UNIVERSITY PARK, Pa. — For the first time, Penn State researchers have identified a gene that controls flowering in cacao, a discovery that may help accelerate breeding efforts aimed at improving the disease-ridden plant, they suggested.
Characterizing the Flowering Locus T gene in cacao, responsible for the production of florigen — a protein that triggers flowering in most plants — is important, according to study co-author Mark Guiltinan, J. Franklin Styer Professor of Horticultural Botany and professor of plant molecular biology. He expects this advancement to enable scientists to develop disease-resistant trees faster, which is critical because 20% to 30% of the world’s cacao crop is lost to disease annually.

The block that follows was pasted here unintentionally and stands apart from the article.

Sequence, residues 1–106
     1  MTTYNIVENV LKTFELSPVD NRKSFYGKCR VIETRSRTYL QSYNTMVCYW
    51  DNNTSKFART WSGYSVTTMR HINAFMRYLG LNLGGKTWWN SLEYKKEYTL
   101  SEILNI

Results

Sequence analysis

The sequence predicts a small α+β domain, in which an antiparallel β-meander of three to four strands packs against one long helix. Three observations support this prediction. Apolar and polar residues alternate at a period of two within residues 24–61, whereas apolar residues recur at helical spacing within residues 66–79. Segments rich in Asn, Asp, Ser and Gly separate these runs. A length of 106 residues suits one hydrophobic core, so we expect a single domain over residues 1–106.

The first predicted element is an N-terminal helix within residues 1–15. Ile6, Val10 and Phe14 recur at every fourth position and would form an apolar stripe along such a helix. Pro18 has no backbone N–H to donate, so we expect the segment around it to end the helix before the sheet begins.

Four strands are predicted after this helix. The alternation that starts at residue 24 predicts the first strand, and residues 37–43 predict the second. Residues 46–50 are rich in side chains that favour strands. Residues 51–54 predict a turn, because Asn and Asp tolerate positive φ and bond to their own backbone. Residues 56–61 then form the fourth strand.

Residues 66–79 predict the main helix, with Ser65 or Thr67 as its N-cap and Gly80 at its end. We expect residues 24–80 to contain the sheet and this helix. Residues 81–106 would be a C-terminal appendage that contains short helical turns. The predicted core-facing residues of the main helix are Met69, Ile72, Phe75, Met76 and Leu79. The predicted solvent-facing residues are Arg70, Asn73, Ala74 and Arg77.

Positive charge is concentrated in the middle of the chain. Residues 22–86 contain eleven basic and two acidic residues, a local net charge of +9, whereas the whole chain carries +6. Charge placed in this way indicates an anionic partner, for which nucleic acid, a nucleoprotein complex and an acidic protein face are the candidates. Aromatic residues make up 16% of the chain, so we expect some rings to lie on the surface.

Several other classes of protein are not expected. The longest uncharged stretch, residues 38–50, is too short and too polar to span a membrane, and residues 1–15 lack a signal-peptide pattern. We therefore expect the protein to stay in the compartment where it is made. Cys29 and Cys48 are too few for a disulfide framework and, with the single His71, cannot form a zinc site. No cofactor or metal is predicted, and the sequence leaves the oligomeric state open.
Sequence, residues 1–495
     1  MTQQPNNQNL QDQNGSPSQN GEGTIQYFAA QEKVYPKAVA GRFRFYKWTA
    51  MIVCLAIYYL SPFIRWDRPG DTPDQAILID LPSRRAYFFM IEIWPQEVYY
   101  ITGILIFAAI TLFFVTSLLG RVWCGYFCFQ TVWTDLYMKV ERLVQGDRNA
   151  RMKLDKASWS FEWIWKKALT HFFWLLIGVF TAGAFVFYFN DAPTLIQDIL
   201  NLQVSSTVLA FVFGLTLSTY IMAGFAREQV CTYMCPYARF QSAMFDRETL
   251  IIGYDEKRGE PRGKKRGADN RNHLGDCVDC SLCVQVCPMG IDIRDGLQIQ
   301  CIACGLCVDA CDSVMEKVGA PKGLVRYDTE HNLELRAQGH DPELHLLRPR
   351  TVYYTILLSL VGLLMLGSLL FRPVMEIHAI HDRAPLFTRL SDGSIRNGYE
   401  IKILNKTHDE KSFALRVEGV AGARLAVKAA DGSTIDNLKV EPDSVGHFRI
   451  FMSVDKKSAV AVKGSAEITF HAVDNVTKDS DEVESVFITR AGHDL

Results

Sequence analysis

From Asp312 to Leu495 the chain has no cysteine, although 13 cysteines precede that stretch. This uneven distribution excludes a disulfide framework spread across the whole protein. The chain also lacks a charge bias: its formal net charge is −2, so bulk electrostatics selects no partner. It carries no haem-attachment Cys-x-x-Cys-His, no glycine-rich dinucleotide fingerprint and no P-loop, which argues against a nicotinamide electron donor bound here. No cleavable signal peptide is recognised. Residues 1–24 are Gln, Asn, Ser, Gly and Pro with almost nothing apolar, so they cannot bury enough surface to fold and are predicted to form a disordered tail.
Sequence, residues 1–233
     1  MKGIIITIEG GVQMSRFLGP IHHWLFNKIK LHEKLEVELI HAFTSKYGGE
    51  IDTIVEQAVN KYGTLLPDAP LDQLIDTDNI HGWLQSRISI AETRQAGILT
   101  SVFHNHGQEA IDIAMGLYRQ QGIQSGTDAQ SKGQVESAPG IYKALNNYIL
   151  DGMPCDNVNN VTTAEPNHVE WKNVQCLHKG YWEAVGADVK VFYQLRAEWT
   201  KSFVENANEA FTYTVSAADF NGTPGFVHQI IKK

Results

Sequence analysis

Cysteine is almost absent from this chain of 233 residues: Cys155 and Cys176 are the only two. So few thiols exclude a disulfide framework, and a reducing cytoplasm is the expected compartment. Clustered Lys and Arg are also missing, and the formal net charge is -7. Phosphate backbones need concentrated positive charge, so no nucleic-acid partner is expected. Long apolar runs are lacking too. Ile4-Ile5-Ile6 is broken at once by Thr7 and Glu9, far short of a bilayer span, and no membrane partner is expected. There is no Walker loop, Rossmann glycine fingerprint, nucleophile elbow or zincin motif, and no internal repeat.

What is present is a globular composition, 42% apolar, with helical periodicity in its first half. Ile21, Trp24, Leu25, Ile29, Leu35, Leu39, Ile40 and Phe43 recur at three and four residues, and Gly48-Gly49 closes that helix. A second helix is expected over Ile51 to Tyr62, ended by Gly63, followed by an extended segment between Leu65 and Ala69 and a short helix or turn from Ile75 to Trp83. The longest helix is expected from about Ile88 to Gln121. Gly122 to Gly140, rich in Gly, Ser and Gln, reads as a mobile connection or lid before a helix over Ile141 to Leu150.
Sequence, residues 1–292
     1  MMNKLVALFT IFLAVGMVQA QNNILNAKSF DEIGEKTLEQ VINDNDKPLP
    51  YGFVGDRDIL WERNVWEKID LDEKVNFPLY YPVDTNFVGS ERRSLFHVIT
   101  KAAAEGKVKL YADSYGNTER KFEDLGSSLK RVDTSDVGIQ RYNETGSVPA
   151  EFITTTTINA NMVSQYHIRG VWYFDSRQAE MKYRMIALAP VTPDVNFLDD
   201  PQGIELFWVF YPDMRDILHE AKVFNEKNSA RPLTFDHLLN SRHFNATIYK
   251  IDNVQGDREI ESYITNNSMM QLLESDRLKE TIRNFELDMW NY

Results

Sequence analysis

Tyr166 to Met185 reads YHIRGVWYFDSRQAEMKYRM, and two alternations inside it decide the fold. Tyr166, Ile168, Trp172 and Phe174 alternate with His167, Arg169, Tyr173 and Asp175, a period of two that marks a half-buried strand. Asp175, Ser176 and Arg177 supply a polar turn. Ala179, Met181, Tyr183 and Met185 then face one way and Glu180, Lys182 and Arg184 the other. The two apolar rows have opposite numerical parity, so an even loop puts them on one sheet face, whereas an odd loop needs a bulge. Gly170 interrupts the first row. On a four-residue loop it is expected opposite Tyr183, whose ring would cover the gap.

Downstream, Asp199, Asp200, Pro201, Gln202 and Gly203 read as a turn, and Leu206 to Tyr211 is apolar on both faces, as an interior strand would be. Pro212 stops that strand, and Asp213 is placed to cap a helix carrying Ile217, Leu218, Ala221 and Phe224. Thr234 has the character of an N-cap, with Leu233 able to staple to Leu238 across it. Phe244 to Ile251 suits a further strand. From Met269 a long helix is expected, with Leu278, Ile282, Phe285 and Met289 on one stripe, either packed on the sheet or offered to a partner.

“Breeding tree crops like cacao is very slow and can take 20 or more years to release a new variety,” he said. “Knowledge of the mechanisms of flowering may lead to methods to accelerate cacao breeding and to develop trees that produce fruit sooner than conventional varieties, which takes two to four years. Each year we move closer to these goals as we continue to explore the molecular biology of the cacao tree.”